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Software helps qualify new molds fast.

Getting good parts out of a new injection mold can take time - sometimes days of trial-and-error molding followed by weeks of re-cutting steel. Even a more systematic approach to tool qualification can easily bog you down with complex statistical exercises. To make the whole qualification process faster and easier, GE Plastics, Pittsfield, Mass., recently developed "QTIP."

Short for Quick Tool Introduction Program, QTIP is a package of proprietary software and related process monitoring know-how that together help molders identify the relationship between molding conditions and critical part characteristics. "QTIP creates a unique fingerprint of a mold's optimal processing conditions without regard to the machine that mold will run in," says program leader Tom O'Connor. With this "fingerprint" in hand, molders can recreate those optimal conditions on whatever machine ends up running the job.

Using terminology more familiar to molders than statisticians, QTIP's proprietary software first walks users through design-of-experiment (DOE) trials. The same software also helps users optimize process conditions once the tool has been proven capable of meeting part-quality requirements. QTIP also includes guidance in how to apply process-monitoring tools to tool-qualification tasks.

Automated DOE

Running on just about any Windows-based PC, QTIP can set up either "full factorial" or "central composite" experimental designs. Users need only enter the process variable and part-quality attributes to be examined. The program then displays a suitable DOE matrix. In all, users have to navigate only three drop-down menu categories to use the software.

Unlike the many generic DOE programs available from software companies, the GE package uses common molding terms. "We've put everything in molding rather than statistical language," says O'Connor. "The program doesn't ask for 'factors' and 'responses.' It asks for 'process conditions' and 'customer requirements.'"

Easy optimization

Once the DOE has been set up and performed to qualify the tool, QTIP software then generates a "process characterization model." Better known as a processing window, this model graphically relates key process variables to one another and to the part-quality requirements. This model, in turn, enables users to optimize their processes so as to balance the inevitable trade-offs in a satisfactory manner. "You can experiment on the computer, rather than on the press," O'Connor says.

According to O'Connor, QTIP helps users optimize their process in two ways: First, it can display complex process-characterization models as a simple, color-coded graphic, making clear all the interactions between process variables and quality. Second, the software can recommend optimization strategies based on user-specified criteria. "You can find the optimal point based on Cpk, ppm, or yield," he says.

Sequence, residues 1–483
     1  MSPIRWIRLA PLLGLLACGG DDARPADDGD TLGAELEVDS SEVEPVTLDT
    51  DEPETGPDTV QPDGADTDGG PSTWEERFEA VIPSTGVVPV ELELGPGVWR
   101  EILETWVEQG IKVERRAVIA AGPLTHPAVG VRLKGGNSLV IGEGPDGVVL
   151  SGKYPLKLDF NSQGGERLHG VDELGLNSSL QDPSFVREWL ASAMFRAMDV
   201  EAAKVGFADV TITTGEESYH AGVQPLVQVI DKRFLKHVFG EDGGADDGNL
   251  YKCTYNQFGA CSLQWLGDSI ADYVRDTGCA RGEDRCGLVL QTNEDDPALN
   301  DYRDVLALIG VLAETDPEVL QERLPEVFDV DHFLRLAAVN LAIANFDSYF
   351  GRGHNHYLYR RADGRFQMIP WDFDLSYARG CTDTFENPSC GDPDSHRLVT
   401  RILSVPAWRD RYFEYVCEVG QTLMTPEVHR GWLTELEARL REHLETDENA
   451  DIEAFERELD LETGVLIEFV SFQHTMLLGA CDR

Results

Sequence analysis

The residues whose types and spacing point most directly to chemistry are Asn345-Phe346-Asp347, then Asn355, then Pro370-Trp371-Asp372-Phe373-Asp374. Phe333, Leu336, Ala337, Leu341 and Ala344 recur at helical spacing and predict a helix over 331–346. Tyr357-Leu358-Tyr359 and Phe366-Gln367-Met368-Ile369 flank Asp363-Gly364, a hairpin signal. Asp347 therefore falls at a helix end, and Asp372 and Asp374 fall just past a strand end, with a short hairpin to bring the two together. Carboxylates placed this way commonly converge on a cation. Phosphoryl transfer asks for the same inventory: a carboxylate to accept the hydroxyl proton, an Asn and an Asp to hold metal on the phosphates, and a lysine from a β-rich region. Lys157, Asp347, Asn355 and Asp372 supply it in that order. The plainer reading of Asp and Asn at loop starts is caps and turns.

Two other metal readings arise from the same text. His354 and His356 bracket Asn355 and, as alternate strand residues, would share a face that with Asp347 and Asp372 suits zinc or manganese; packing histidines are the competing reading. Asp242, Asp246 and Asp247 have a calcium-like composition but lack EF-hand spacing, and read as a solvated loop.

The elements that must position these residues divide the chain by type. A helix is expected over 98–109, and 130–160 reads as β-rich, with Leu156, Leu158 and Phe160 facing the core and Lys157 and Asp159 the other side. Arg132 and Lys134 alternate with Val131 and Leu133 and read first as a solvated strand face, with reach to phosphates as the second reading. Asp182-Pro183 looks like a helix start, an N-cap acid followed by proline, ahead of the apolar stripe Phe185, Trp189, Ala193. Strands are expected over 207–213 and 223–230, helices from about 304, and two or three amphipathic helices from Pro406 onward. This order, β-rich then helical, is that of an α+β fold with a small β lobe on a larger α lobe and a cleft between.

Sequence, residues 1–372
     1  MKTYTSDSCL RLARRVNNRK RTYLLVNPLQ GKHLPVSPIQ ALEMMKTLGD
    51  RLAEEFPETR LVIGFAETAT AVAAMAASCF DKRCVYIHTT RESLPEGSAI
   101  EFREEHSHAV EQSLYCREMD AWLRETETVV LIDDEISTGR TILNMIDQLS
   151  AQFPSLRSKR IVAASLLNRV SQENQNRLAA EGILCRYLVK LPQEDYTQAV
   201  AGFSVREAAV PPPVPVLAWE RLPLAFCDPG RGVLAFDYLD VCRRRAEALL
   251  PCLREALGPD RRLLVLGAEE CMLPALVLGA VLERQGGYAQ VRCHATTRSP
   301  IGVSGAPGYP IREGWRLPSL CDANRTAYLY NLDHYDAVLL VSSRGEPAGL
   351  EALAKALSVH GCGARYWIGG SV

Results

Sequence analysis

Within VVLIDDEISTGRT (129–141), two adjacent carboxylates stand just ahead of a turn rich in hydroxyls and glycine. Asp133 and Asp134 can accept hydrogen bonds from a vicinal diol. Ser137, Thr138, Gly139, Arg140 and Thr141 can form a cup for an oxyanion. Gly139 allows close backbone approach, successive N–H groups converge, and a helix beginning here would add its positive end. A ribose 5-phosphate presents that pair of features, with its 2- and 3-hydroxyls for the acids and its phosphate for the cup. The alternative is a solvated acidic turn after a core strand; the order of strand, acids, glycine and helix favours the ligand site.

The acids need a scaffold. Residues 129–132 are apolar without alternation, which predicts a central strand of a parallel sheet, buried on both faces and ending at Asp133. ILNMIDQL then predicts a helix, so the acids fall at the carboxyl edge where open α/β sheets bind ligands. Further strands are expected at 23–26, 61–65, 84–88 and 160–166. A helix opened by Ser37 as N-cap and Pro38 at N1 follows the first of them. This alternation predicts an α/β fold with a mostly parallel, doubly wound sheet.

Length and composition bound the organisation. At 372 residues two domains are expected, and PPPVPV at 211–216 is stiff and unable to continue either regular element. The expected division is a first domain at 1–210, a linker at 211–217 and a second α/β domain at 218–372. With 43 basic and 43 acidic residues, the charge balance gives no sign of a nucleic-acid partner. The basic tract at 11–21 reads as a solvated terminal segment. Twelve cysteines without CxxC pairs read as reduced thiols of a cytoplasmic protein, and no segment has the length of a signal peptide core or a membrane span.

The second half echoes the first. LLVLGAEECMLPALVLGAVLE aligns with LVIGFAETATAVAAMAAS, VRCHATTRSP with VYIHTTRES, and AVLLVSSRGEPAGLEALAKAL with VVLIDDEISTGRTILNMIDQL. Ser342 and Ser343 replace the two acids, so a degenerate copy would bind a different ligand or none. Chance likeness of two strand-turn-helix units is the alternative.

The current QTIP software handles up to 11 process-variable inputs and any number of inputs that capture the customer's quality requirements. In test applications for GE customers, QTIP typically required only three or four inputs to optimize the process.

O'Connor notes that process optimization can target a wide range of customer-specified quality requirements - not just the obvious dimensional attributes. In one test application, GE used QTIP to maximize a pipe manifold's burst strength by identifying the best mold temperature, injection time, and packing pressure.

QTIP may also aid in machine selection. For example, "You might not need to run a tight-tolerance job on your best press after all. Having a large process window allows you to run on a less controlled press and still meet specs," O'Connor notes.

Fingerprinting a Tool

QTIP relies on extensive process monitoring to get the data needed to take a mold's performance "fingerprint." Those monitoring procedures, which will be passed on to users by GE field-service engineers and also through a forthcoming written guide, would be familiar territory to current users of process-monitoring systems. What's different, says O'Connor, is that the monitoring is not intended as a check on machine performance. Instead, it helps characterize a process before it goes into production. "We're applying existing monitoring tools in a proactive way," O'Connor explains.

At present, the QTIP program has been conducted only with process-monitoring systems from RJG Technologies of Traverse City, Mich., and Nicollet Process Engineering of Minneapolis. O'Connor expects that GE will work with most other monitoring systems as QTIP matures.

GE has yet to decide whether to sell the QTIP software and related process-monitoring guidance or to offer it to its customers as part of resin-purchase agreements.
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Title Annotation:GE Plastics' Quick Tool Introduction Program
Author:Ogando, Joseph
Publication:Plastics Technology
Date:Apr 1, 1998
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